And then flint, the material most commonly used by our ancestors in Britain, mainly available in the south and east of England. This is the material I have least experience of working with because I live in the north west. It comes in nodules of varying form and being able to quarter and optimise the nodule is something I want to learn and understand. I have made a number of handaxes, but currently they all turn out pretty small. Availability of material can almost correlate directly to my relevant skill level working that material. No surprise and a fact that emphasises the importance and value of practice.

This is not meant to be an exhaustive summary. It is meant to highlight the value of looking at materials differently, recognising the qualities they embody and thinking about how those qualities can be manipulated. Each of the above examples was a small exploratory experiment, to understand the qualities of the materials in question. The accumulative result is that I have developed some good abilities using hard and soft hammer and pressure flaking. When we look at a finished artefact, and then for the first time try our hand at knapping, the results can be disheartening. The breakthrough for me was finding materials that were abundant enough so that I could make lots of mistakes, again and again. Slowly but surely things started work, but most important was the pleasurable aspects of the process. With hindsight I realise that I was playing with it. Each little experiment was less like science, and more like playtime. I am currently reading about theories of learning and want to understand why I find it such an engaging experience. What is the nature of the relationship between me and the activity? Perhaps that will be the content of a future post.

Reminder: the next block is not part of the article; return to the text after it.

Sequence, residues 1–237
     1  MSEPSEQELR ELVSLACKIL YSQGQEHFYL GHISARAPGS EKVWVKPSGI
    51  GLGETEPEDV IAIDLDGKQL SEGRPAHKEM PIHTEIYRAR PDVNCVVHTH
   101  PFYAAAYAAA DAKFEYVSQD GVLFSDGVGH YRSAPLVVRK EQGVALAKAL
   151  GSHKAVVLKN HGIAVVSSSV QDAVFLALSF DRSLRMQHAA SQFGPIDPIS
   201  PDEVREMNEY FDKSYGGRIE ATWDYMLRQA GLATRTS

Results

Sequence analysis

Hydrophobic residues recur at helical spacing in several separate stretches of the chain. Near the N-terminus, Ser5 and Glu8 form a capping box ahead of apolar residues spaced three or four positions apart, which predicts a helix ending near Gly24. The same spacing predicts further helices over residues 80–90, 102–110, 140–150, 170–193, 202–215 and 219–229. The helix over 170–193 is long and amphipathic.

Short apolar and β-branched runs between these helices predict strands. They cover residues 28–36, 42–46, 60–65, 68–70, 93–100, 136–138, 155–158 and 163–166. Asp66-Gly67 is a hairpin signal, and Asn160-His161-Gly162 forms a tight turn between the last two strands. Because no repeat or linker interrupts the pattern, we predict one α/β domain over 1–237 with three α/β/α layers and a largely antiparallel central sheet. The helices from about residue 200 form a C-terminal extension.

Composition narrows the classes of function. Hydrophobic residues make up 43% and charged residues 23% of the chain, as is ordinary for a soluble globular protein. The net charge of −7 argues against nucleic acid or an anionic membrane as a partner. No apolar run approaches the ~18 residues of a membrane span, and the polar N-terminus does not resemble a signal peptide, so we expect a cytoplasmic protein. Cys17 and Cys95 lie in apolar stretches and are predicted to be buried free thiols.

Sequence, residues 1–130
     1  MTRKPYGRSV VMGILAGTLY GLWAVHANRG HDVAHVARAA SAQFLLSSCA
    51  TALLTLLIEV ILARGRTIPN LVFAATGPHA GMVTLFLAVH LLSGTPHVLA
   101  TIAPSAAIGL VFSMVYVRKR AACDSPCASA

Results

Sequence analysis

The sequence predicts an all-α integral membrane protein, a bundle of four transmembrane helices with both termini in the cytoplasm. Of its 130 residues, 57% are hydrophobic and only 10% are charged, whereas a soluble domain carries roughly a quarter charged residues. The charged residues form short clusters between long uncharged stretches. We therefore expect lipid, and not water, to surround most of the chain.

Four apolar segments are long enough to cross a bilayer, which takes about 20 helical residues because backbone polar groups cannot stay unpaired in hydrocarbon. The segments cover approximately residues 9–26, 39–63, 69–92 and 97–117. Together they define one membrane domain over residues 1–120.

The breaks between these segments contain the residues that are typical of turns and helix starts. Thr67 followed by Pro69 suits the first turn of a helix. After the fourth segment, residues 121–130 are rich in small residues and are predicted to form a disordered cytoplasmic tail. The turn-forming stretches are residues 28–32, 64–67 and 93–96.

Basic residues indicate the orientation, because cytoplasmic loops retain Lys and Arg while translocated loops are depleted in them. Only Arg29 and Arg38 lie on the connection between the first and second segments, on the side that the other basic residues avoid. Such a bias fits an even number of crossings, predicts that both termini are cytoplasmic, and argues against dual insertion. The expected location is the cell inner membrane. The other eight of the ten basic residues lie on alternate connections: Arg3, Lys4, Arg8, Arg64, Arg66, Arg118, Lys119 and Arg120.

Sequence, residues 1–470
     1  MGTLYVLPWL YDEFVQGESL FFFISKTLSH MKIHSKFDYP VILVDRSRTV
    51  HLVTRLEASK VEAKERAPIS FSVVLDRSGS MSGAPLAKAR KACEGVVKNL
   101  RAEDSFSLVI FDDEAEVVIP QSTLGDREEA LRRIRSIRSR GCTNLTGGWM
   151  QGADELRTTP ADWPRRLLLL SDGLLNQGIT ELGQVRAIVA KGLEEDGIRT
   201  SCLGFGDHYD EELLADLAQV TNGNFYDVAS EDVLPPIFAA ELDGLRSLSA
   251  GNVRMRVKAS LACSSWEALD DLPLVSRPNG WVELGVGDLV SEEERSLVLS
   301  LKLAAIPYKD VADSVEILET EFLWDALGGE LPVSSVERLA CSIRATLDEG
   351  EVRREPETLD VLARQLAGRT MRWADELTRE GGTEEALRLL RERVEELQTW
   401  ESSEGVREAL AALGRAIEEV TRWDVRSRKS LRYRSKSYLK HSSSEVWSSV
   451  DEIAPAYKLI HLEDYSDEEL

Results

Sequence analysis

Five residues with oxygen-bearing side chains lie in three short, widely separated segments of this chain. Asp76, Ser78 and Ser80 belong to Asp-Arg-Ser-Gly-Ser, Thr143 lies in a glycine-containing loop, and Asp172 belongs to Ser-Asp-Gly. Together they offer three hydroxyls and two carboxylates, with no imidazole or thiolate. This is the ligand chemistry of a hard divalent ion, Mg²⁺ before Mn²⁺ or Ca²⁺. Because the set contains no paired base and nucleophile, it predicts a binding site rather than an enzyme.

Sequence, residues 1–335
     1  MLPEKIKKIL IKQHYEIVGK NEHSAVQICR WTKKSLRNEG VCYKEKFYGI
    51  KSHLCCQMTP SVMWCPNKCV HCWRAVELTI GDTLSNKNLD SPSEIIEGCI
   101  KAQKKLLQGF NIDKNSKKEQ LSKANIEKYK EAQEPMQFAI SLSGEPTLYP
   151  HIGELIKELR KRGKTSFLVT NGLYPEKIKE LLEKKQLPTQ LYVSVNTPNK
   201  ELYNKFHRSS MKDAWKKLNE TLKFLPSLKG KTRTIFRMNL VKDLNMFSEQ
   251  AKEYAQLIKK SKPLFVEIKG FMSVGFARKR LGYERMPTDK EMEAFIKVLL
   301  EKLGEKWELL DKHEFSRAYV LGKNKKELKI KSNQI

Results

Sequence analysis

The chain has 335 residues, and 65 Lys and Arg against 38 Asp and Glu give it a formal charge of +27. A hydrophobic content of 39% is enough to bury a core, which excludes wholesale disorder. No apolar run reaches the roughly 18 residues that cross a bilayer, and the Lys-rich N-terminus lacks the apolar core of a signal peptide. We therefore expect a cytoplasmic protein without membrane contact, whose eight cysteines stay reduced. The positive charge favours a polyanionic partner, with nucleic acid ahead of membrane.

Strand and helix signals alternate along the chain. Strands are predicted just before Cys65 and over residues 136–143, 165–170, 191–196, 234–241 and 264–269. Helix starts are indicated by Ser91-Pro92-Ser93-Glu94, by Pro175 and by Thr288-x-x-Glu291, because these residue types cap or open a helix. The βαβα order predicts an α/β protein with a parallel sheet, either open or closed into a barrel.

Fourth time lucky

Yesterday evening Nick Overton and myself had ourselves a marathon 4 hour knapping session. I was interested in making two more points from the remaining Camp Coffee preforms and whilst doing so we had some stimulating conversation about the nature of retouch. It has been a theme in this blog that I seem to struggle to replicate the character of the retouch seen on the museum pieces. By the time I got to my last point I think I recognised why. I produced my four points and as can be seen from the photographs below it has made a really nice narrative sequence. Finding the period material; using a stone to make the preforms; using the preforms to make the points.

nest of pointsNick is using a different Bombay Sapphire bottle glass and is focusing upon  getting a series of fully invasive removals on his first sweep. To achieve this he is taking very ‘flat’ removals off the surface of the glass by placing his pressure flaker close to the top of the platform and pushing straight in. He then uses his knee to provide the transverse force necessary to remove the flake, like this.  Although my pressure flaking method is different I am doing something similar, in that we are ending up with similar results. On my last point I started to place my pressure flaker lower on the platform and changed the angle of pressure. This allowed me to work in a more systematic and aggressive manner punching off the removals. I started to get concavity on both ventral and dorsal surfaces and the final point is more similar in character to the museum examples. I am chasing a characteristic method of applying retouch, which in turn produces a characteristic feel to the finished piece. I think the thicker glass allows this kind of work. I am pleased with my nest of points all from the one half bottle. I am really pleased with this punchy approach to flake removal. The next one I think will be an experiment in platforms and pressure flaker angles.